South Korean-born German philosopher Byung-Chul Han once quoted an example to explain the Italian philosopher Giorgio Agamben’s concept of ‘profanation’: During the recession period in Greece, a group of children discovered a large amount of banknotes in a ruined house. Instead of using them in the way money is supposed to be used, they played with them, tearing them to shreds. Profanation is the act of taking sacred things from gods and using them by mortals. In this example, Han portrays a post-apocalyptic world where money has lost its meaning, and we are shredding paper for fun.
Perhaps in art, ‘profanation’ could be described in the way artists create through appropriation and conceptualisation. Both ways are giving new meaning to pre-existing objects and subjects. Curated by Alex Yiu and Suze Chan, ‘Play. Boredom. Worship.’ will present new artworks from six emerging artists from Hong Kong. Through dialogue and discussion with the curators, the artists interpret the idea with different perspectives and angles with their artworks.
Coming from different backgrounds, architecture (Chan Moon), graphic design (Suze Chan), cinematography (Harry Chan and Wong Tsz Hin), visual art (Vunkwan Tam), and new media art (Mia Chu), for ‘Play. Boredom. Worship.’, each artist manipulates the interferences and flows in between concepts and materials as ‘artists’, departing from their own practices.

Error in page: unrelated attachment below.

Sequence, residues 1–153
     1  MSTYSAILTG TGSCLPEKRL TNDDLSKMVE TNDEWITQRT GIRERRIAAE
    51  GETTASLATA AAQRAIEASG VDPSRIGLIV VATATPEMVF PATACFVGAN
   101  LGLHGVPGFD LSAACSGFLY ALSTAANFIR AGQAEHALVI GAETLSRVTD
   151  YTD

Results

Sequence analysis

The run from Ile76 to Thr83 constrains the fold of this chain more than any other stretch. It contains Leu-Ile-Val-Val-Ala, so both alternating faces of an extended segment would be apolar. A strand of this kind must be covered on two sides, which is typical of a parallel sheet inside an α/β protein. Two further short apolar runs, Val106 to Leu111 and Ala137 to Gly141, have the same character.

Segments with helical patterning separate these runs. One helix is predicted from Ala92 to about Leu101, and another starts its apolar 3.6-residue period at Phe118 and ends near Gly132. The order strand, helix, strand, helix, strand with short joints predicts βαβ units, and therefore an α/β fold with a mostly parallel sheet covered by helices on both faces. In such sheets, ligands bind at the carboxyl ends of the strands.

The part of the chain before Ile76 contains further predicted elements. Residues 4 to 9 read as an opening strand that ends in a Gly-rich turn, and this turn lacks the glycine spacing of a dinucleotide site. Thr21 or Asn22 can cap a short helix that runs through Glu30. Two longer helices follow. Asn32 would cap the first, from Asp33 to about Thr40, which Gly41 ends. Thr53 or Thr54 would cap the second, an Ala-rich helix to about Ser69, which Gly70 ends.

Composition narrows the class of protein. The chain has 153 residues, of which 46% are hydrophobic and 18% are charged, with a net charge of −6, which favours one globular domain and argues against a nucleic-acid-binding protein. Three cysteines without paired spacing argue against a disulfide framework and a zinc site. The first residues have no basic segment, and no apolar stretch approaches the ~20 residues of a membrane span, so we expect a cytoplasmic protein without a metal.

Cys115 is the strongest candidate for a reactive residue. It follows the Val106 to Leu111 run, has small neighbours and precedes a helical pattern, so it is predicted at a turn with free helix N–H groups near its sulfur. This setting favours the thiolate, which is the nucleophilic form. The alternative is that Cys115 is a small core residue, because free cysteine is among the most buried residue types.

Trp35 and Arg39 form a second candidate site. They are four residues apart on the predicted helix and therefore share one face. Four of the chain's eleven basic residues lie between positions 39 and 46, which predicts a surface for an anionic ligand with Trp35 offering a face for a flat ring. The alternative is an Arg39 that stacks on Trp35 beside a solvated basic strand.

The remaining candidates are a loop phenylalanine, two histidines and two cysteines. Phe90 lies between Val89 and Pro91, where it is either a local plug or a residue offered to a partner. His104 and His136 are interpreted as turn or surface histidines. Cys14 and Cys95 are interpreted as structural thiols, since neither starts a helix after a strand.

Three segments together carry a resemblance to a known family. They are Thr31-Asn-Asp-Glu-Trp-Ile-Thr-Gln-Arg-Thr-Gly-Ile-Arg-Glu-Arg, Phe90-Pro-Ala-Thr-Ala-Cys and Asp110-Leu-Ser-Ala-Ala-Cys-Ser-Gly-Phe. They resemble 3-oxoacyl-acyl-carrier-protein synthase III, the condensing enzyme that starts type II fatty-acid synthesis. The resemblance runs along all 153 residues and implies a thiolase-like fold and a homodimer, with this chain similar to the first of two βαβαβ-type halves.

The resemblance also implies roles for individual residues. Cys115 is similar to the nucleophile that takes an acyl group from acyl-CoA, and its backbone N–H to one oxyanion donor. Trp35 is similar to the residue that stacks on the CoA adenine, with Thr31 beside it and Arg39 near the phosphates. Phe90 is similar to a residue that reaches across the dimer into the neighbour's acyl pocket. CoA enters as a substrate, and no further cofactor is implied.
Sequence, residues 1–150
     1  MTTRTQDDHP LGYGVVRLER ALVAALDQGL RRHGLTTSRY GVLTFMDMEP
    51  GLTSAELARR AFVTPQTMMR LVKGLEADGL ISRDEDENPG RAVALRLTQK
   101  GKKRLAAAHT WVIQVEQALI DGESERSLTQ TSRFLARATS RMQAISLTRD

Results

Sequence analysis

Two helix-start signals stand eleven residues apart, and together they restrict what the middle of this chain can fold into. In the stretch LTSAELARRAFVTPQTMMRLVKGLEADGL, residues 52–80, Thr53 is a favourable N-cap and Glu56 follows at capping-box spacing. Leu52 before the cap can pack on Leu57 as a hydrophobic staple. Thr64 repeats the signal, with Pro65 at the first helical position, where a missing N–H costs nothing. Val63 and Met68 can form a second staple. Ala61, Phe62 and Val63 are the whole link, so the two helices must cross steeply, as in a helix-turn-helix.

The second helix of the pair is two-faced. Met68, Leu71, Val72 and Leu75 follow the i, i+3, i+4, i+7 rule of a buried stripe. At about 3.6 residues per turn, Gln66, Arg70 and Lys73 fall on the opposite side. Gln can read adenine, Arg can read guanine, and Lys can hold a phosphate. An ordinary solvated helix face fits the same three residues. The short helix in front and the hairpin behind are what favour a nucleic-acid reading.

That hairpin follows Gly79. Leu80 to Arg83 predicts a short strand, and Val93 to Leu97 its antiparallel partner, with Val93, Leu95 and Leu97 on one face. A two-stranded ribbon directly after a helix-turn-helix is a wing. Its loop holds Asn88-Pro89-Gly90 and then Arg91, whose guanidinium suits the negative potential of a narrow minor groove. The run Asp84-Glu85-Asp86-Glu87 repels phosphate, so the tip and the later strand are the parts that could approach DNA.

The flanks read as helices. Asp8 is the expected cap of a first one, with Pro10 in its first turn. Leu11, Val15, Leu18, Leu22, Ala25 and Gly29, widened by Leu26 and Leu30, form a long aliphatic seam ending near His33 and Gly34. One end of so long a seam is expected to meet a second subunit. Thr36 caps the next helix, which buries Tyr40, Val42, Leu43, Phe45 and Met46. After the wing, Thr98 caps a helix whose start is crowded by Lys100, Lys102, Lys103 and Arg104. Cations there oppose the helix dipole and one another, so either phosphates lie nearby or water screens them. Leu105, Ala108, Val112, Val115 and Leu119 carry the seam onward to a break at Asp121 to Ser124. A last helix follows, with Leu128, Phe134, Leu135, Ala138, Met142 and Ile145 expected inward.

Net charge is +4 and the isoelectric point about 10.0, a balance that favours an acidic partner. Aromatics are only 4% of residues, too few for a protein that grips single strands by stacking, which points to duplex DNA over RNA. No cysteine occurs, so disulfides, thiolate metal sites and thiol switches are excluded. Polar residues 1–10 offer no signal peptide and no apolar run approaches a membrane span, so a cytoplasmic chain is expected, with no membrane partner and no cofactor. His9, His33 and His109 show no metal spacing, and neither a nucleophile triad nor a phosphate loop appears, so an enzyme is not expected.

- Chan Moon’s installation ‘creates’ a pseudo-religion by combining multiple found objects and medium, commenting on the grotesque quality of institutionalised religion and dogmatic belief systems.
Suze Chan’s video installation is a documentation of her twenty-day stay in a hotel. Surveilling her intimate habits and interactions with people, the video is not only self-examination but also captures her subtle responses to the events and encounters both inside and outside the room.
By applying techniques of commercial photography, Harry Chan presents a flattened version of real objects and delivers the ‘hyperreal’ quality of the post-internet era, making ambiguous what reality we are representing.
Wandering between illusion and reality, the paintings of Wong Tsz Yin demonstrate an ‘automatic’ mode of creating, reflecting her inner spiritual world.
With different combination of materials and words, Vunkwan Tam highlights the dialogue and contrast that exists between the media. In their juxtaposition and contrasts, the artist’s emotion are unveiled metaphorically.
Humour is the central topic in Mia Chu’s installation, resisting the noise of this serious world through light-hearted gestures.
When days are unsettling and mundaneness disappears, the six artists incorporate different methods and practices to realise the multi-dimension of ‘profanation’.
Participating artists 參展藝術家：
Chan Moon 陳滿